The United States usually sees an increase in the number of deaths due to the heart attack during Christmas season. While one may wonder as to what could be causing many people to die of heart attack during Christmas, many studies have failed to conclusively establish the cause for the sudden spike in heart attack related deaths every year during December.
What Could Be The Reason For This Strange Trend?
“Spikes in deaths from natural causes during Christmas and New Year’s Day has been previously established in the United States. However, the Christmas holiday period (December 25th to January 7th) in the U.S. falls within the coldest period of the year when death rates are already seasonally high due to low temperatures and influenza,” says Josh Knight, B.Sc., study author and research fellow at the University of Melbourne in Australia. Although several studies have hinted at cold weather as one of the causes for the strange spike in deaths due to heart attack, a new study reveals the trend has nothing much to do with weather.
Weather Isn’t The Cause Behind Heart Attacks
A recent study published in Journal of the American Heart Association by Josh Knight and his colleagues presents the likely causes for the strange trend. The study was carried out in New Zealand, where Christmas occurs during the summer season. This allowed the researchers to rule out the weather factor. The researchers analyzed death trends in New Zealand during a 25-year period when there were a total of 738,409 deaths, which were noted as cardiac deaths. “The Christmas holiday period is a common time for travel within New Zealand, with people frequently holidaying away from their main medical facilities. This could contribute to delays in both seeking treatment, due to a lack of familiarity with nearby medical facilities, and due to geographic isolation from appropriate medical care in emergency situations,” Knight said.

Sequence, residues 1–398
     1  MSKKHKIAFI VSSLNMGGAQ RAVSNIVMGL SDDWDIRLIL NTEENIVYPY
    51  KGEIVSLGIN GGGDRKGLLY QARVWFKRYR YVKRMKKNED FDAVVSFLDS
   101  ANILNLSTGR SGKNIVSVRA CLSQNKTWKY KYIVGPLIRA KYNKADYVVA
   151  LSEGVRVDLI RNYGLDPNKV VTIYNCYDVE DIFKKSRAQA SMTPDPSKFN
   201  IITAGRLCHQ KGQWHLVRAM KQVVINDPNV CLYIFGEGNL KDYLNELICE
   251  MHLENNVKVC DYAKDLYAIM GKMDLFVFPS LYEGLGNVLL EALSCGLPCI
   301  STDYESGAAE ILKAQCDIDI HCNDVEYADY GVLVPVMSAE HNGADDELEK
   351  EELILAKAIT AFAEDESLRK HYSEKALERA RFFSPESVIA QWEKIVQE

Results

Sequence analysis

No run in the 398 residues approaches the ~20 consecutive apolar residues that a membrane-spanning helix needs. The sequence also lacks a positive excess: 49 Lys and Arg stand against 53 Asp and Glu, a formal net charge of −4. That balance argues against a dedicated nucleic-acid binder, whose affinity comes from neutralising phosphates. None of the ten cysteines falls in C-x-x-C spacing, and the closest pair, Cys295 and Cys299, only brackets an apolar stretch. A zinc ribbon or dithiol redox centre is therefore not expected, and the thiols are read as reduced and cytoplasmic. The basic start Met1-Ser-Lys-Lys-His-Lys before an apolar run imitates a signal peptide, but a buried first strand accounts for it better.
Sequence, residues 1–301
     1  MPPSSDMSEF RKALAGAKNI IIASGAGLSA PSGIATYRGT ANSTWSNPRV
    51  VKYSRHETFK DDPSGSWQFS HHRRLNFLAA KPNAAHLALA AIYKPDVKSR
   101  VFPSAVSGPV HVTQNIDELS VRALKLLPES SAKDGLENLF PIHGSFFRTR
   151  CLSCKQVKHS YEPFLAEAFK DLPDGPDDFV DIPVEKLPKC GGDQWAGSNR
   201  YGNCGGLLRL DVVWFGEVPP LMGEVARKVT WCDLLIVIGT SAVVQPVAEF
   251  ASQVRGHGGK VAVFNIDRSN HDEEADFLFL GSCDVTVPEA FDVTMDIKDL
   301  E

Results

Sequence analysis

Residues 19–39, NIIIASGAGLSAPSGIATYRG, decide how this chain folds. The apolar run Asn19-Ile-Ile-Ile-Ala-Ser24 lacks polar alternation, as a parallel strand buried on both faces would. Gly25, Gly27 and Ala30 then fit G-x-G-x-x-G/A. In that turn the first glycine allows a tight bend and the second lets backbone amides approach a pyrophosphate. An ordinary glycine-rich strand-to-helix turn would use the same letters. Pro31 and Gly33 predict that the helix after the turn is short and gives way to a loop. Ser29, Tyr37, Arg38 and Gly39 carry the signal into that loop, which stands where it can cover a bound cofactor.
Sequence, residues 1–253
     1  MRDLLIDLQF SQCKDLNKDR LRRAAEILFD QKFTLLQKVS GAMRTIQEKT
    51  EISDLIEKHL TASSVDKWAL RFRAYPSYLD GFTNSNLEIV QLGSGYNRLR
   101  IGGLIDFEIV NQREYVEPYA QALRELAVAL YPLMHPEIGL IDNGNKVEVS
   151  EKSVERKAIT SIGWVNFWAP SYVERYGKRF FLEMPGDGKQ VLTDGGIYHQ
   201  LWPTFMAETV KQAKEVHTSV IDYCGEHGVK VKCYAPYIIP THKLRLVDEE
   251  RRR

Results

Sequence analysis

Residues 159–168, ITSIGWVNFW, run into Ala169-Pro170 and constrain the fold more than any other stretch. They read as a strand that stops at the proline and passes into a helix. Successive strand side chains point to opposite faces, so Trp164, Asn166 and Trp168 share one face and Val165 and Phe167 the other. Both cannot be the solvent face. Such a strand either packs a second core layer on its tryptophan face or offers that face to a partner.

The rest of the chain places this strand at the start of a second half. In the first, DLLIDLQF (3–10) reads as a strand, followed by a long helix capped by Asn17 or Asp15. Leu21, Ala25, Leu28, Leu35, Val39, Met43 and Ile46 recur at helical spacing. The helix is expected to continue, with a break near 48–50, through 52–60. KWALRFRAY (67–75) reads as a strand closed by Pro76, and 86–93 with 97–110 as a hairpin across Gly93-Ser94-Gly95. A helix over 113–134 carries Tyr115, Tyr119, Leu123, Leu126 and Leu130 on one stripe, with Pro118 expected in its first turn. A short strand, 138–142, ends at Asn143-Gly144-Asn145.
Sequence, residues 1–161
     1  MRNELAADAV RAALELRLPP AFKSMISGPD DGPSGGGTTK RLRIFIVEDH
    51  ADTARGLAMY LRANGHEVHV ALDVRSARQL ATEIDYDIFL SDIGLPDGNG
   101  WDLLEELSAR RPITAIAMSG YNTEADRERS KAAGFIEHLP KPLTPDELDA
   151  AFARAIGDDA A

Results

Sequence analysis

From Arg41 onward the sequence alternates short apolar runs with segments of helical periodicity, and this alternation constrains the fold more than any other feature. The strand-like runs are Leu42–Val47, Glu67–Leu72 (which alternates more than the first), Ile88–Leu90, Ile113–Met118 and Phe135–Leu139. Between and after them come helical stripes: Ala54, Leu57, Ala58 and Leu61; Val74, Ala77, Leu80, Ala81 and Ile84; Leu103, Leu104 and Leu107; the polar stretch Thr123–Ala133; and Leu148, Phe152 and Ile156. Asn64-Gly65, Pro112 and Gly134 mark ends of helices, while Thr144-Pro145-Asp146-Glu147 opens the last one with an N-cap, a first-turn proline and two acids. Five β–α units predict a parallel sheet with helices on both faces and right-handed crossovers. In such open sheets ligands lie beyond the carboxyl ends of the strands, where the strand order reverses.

Several theories also discuss causes like the effect of holidays on diet, alcohol consumption along with stress. The new study, however, casts light on the fact that lesser number of staff at medical facilities and changes in the physical environment due to traveling during the holidays are significantly responsible for the sudden spike in cardiac-related deaths. But the researchers state that the study did not track daily temperatures. New Zealand has an island climate, which almost eliminates the extremes of temperature that have been associated with heart-related death rates in previous studies.